Looking back at the books I’ve read this year, of 60 or so just nine have been in translation from other languages. Worse still, only one of those did I enjoy unequivocally (Stefan Zweig’s Chess). Is it me or them? Am I a philistine, or is there a cultural and linguistic barrier which means I will never enjoy translated literature as much as stuff written in English? What better way to find out than to try this season’s hot foreign property, Per Petterson’s Out Stealing Horses.
It was published in Norway in 2003, where it won two awards. Translated into English in 2005 by Anne Born, it won the Independent Foreign Fiction Prize last year. But not only is this the best foreign language work recently published; a few weeks ago it also won the International IMPAC Dublin Literary Award, making it apparently the best book in any language, anywhere in the world, available in English, this year. It was up against some pretty stiff competition: Salman Rushdie, Julian Barnes, J.M. Coetzee and others. Great expectations.
One thing Out Stealing Horses does not do is radically rearrange your stereotype of Scandanavia. The people here are taciturn, laconic, moody. Brooding. Brooding hardest of all is our narrator, Trond, who is living a life of chosen solitude in the remote forests of Norway. The book takes us between his present existence and the childhood days which changed his life.
“I hate being entertained, I don’t have any time for it,” Trond tells us. Well: you’ve come to the right place. While the tentative, misty prose has its seductive qualities, another word for it would be soporific.
…picked our rakes up and walked out fanwise with the right distance between us and started to rake the grass from all sides towards the rack, and it was obvious at once why the handles were so long. They provided radius enough for us to cover the whole space together, and not so much as a straw was left behind, but it was tough on our palms with the rake rubbing forwards and backwards a thousand times, and we had to wear gloves to save the skin from being torn and prevent burns and blisters after one hour only. And then we filled the first wire, some with hayforks and balance and great precision, others with their hands, like my father and I, who did not have the same experience. But that went well too, and the inner side of our bare arms turned slowly green, and the wire filled up, and we fixed up another one and filled that one too, and then another, until we have five wires crammed full one above the other, and the top one with a slightly shallower layer of grass hung down like a thatched roof on each side, so when the rain came it would just run off, and the rack could stand there for months and the hay would be just as good right under the outermost layer…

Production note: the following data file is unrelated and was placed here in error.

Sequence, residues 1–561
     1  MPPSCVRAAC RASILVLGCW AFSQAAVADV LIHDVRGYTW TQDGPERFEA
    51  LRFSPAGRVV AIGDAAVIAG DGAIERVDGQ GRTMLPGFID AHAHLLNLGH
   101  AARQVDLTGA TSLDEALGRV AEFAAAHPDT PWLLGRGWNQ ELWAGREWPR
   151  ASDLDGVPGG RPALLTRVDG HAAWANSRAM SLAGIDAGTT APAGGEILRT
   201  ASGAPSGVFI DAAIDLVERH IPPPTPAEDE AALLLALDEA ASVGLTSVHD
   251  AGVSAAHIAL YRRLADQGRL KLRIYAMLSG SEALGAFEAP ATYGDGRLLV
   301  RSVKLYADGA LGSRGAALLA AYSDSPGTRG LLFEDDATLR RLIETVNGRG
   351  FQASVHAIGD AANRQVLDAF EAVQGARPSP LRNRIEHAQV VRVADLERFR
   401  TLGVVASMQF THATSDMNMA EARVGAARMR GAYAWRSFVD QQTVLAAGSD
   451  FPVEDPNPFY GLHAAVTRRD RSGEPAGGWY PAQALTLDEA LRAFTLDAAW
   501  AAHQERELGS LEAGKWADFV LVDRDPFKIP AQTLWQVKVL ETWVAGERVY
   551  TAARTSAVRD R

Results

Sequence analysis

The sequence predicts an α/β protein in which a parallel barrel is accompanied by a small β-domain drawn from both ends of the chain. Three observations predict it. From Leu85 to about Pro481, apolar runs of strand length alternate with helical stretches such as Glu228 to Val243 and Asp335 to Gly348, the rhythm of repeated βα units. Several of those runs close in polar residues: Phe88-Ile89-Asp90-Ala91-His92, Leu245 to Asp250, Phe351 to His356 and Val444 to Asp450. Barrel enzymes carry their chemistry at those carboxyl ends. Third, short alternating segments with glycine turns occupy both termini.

But it does flare into life in places, most notable when Trond and his childhood friend Jon go ‘out stealing horses’ and Jon does something sudden and shocking when they are looking at birds’ eggs in a tree. The reason for his ‘sudden breakdown’ is even more horrifying and provides the engine for the subsequent revelations in the story.
There is also a pleasing quality to the book’s serenade to a life of physical labour among nature: barely a scene passes without wood being chopped, logs being rolled, or dogs or horses being men’s greatest companions (“I landed on the horse’s back a bit too close to its neck, and its shoulder bones hit me in the crotch and sent a jet of nausea up into my throat”). And there are interesting things to be told about the rarely discussed role of Norwegian civilians in the second world war.
But the prose never really engaged me, and I knew we were in trouble when I felt the page lighting up on recognising the work of other writers. Petterson peppers the later pages with the opening lines of The Go-Between (“The past is a foreign country; they do things differently there”) and Jean Rhys’s Voyage in the Dark (“It was as if a curtain had fallen, hiding everything I had ever known”). It doesn’t serve to flatter him. I wondered if there might be other famous opening lines too – the narrator is a fan of the novels of Charles Dickens, though I didn’t spot any of his. And that sums up my experience of Out Stealing Horses: not the best of tomes, but not the worst of tomes either.